“He’s awesome. We got to play with [Night Ranger] in Sweden a few years back. And we had a little brodown with those guys that night. He and I talked about singing and playing – you can either do it or you can’t do it. That’s pretty much what it boils down to. If you can’t do it, you just can’t do it. He is a force, for sure. He is very well in control. He is a hard hitter and on top of it, a little bit ahead of it. He’s driving all of it which is where you want to be when you’re playing rock drums.”
Peter Criss (KISS)
“’Black Diamond’ is pretty amazing. I like his makeup. If you play drums and were a child of the ’70s and ’80s, then you went as Peter Criss for Halloween at least one time, and probably Dressed to Kill was the go-to because it was the easiest costume to pull off. It was a suit and tie. You don’t think of him as a singing drummer, but he did a lot of backup and they gave him a song. So that’s pretty awesome and probably one of my favorite KISS songs. He’s just super tasty, had some great fills, and was probably more influential than anybody gives him credit for. Quintessential arena rock playing.”
Roger Taylor (Queen)
“’I’m in Love with My Car’ is pretty awesome. When that song comes on, people don’t even guess that it’s Queen. There are a lot jokes out there about drummers not really being musicians, but there are so many examples. I never paid attention to all that. I’ll say that people like Neil Peart and Phil Collins were the influences for myself feeling like I was allowed to be a musician and play the drums. I can contribute vocals and lyrics, and I have ideas. Why am I not included in this conversation because I hit things with wood? I’m an artistic person. I can express myself, and it matters.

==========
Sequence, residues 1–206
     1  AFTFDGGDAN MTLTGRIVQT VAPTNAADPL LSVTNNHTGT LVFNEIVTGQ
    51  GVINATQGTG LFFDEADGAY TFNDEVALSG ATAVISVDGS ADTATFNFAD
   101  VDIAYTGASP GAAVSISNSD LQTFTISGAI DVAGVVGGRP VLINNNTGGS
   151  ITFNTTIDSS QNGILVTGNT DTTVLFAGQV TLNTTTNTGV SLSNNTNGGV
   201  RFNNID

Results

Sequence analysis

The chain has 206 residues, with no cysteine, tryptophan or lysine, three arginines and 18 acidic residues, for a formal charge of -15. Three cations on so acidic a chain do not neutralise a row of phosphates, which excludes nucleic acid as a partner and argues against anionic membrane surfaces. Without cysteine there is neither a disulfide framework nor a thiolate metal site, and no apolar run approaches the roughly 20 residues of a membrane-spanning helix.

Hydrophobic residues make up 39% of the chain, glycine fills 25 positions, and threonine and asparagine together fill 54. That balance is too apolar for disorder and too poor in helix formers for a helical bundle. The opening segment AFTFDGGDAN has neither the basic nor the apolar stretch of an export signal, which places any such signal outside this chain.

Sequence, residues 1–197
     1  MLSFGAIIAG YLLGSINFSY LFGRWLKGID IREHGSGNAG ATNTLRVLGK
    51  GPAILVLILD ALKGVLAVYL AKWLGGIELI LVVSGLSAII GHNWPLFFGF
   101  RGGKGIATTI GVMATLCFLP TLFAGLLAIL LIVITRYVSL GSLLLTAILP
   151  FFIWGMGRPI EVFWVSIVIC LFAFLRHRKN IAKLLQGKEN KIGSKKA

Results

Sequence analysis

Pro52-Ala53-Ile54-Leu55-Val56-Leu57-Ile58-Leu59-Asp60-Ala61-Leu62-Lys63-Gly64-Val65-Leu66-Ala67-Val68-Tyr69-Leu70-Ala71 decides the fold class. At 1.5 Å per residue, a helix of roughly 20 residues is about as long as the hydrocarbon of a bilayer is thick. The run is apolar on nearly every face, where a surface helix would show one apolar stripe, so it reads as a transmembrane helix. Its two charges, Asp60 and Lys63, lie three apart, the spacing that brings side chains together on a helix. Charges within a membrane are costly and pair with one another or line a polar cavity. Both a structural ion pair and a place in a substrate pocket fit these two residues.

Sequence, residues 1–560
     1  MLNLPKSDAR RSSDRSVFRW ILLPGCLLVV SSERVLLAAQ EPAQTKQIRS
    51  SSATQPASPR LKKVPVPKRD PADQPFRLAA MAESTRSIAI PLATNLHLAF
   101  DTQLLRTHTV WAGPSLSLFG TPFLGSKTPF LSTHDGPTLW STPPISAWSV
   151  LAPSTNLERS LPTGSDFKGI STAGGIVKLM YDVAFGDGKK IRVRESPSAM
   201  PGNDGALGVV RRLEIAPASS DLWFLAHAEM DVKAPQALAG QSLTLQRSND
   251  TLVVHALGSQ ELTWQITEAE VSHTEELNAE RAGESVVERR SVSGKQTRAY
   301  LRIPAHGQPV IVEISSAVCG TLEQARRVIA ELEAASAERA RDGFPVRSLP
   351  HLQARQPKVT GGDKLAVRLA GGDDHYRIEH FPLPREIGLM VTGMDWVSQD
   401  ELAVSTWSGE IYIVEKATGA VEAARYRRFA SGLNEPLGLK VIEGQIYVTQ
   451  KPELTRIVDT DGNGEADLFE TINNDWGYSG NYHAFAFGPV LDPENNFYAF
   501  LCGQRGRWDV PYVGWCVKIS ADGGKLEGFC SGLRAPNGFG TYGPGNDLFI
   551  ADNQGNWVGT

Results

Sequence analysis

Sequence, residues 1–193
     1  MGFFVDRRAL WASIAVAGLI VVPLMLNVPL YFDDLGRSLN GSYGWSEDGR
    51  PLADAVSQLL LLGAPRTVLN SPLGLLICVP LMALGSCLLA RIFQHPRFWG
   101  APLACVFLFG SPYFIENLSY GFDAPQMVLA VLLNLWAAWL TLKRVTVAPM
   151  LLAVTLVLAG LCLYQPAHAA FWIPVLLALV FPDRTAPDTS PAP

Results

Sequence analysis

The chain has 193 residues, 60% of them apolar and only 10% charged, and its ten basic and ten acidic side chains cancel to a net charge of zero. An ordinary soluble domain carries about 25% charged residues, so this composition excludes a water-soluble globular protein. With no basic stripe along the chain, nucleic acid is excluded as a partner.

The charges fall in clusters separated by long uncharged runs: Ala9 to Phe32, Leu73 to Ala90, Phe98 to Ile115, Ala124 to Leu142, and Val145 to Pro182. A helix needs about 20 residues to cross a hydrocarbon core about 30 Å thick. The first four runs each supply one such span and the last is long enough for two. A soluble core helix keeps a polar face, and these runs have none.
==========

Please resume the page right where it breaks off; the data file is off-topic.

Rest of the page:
Roger is a pretty incredible player. I admire restraint sometimes with drummers, their ability to know when to say when and understand serving the song, which I’ve tried to do over the years. I get in my own way sometimes. I think he did [show restraint] here and there, but he was also flashy and had lots of cool fills and cool ideas. I think he really expressed himself as an artist on his drum kit.”